"We were comparing [Montreal] to big cities and like Paris. 'The Paris of the New World,' 'The Paris of North America' —we notice that they were promoting the Francophone side of the city."
In the opening pages of the booklet — after one dedicated to hockey — is a list of parks tourists should visit.
The Mount Royal Lookout is noted as a popular spot, as well as Jeanne-Mance Park.
The booklet's take on La Fontaine Park is more downturned and calls it "less spectacular," although still worthwhile.
As for getting visitors to come in the winter, it praises Montreal's "ideal winter weather in which sunshiny skies, clear invigorating air and equable temperatures mark a majority of the days."
Skiing is recommended as "the most exhilarating sport in the world — when you can't play golf, perhaps!" and tobogganing, hockey and snowshoeing, among other winter sports get honourable mentions.
"Life, naturally, moves here at no slow pace," then-mayor Adhémar Raynault wrote in the foreword.
Raynault served as mayor from 1936 to 1938 and from 1940 to 1944.
"No matter what the tourist seeks to make his stay away from home memorable, he will find it in Montreal: historical background, thriving industry, sports, both summer and winter, gorgeous scenery, and a heart-warming hospitality," he said.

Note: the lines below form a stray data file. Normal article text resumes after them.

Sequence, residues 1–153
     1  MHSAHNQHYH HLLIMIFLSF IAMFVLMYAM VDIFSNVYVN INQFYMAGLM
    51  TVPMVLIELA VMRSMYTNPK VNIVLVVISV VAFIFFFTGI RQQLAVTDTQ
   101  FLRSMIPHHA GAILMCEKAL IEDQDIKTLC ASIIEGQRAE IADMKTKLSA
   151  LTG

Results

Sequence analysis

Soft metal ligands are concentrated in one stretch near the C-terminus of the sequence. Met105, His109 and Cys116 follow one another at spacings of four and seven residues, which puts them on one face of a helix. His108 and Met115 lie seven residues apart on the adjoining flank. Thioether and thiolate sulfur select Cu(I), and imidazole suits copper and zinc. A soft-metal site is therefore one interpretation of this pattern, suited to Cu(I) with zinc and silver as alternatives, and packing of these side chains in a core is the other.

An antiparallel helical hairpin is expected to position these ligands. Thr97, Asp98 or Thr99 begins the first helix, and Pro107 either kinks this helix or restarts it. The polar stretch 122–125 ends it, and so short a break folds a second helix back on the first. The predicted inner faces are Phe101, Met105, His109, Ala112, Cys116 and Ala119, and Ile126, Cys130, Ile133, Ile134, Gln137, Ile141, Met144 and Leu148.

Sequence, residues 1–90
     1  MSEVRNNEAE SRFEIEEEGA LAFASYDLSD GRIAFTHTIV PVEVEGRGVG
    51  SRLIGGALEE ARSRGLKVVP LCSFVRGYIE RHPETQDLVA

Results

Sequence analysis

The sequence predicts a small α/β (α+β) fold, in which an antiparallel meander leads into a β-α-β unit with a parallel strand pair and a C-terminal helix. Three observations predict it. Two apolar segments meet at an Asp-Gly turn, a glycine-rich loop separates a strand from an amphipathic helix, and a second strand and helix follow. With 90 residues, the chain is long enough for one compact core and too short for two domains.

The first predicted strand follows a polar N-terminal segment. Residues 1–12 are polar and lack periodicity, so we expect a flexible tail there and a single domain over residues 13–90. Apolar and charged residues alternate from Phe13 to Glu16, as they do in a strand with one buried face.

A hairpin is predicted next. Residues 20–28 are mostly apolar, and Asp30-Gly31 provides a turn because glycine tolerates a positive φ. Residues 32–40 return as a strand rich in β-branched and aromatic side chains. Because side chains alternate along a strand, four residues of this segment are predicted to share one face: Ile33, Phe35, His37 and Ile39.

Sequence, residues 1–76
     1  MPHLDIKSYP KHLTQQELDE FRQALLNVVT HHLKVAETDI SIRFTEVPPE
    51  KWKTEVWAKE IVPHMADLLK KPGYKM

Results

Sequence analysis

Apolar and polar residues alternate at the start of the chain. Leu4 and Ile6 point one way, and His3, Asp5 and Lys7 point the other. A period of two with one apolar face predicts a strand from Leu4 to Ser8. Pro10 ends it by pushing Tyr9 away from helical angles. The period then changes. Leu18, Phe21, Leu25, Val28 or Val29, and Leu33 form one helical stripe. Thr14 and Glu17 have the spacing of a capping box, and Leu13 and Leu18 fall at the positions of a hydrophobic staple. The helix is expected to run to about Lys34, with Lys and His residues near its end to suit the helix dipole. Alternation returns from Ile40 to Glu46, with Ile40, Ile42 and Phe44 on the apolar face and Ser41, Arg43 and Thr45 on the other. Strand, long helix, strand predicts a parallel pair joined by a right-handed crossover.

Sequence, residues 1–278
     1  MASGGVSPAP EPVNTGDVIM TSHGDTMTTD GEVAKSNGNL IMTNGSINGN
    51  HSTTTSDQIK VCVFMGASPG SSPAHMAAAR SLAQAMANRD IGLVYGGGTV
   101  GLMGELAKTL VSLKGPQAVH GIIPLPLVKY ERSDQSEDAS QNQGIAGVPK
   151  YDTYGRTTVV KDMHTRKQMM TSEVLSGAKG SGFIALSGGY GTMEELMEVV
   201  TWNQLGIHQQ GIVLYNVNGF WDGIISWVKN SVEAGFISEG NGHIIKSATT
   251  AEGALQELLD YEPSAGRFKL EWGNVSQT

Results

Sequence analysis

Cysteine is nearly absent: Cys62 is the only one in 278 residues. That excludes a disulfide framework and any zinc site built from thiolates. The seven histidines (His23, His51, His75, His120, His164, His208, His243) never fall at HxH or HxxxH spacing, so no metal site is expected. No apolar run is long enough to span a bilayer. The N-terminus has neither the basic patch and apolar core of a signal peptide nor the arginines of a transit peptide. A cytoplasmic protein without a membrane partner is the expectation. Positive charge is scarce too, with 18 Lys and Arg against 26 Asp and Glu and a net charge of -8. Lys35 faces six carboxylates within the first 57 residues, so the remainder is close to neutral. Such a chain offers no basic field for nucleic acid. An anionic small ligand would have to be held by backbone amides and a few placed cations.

He also appeals to Americans by mentioning that the founders of Louisiana, New Orleans and Detroit all came from Montreal.
A city struggling to recover
But away from the glitz and glamour of downtown, not all was well in Montreal, according to history professor Lindeau.
In 1937, the Depression, coupled with droughts on the farms out West, meant wheat exports were down, hitting the city's transportation sector, Lindeau said. Meanwhile, citizens didn't have money to buy the goods Montreal manufacturers were churning out.
"There was a ripple effect in all the areas," Lindeau said, estimating that a third of the city's population was unemployed at the height of the depression.
The city of Montreal itself was also deeply in debt, he added.
"By the end of the decade, Montreal — and Canada in general — had not completely recovered," he said.
"The gross domestic product [in 1939] was not even at the level it had attained 1929. So it was a very long, very difficult depression."
But Lindeau said most tourists likely never saw that side of Montreal. The worst of it was felt in the working-class areas — far from where the booklet recommended.
"If they stayed only in the downtown area… they might have seen a bustling city."
Pelletier said that, while they can't know exactly how many people came to Montreal in 1937, they do know that 18,000 tourists crossed the Quebec border in 1919.
Today, that number exceeds 11 million, annually.
"The difference [today] is that Montreal is no longer just the 'Paris of the New World,'" she said. "Montreal has an identity... as a cultural metropolis, and the culture of Montreal is unique."
Tourism Montreal is celebrating its 100th anniversary in October. More on the history of Montreal's tourism industry is available on its website.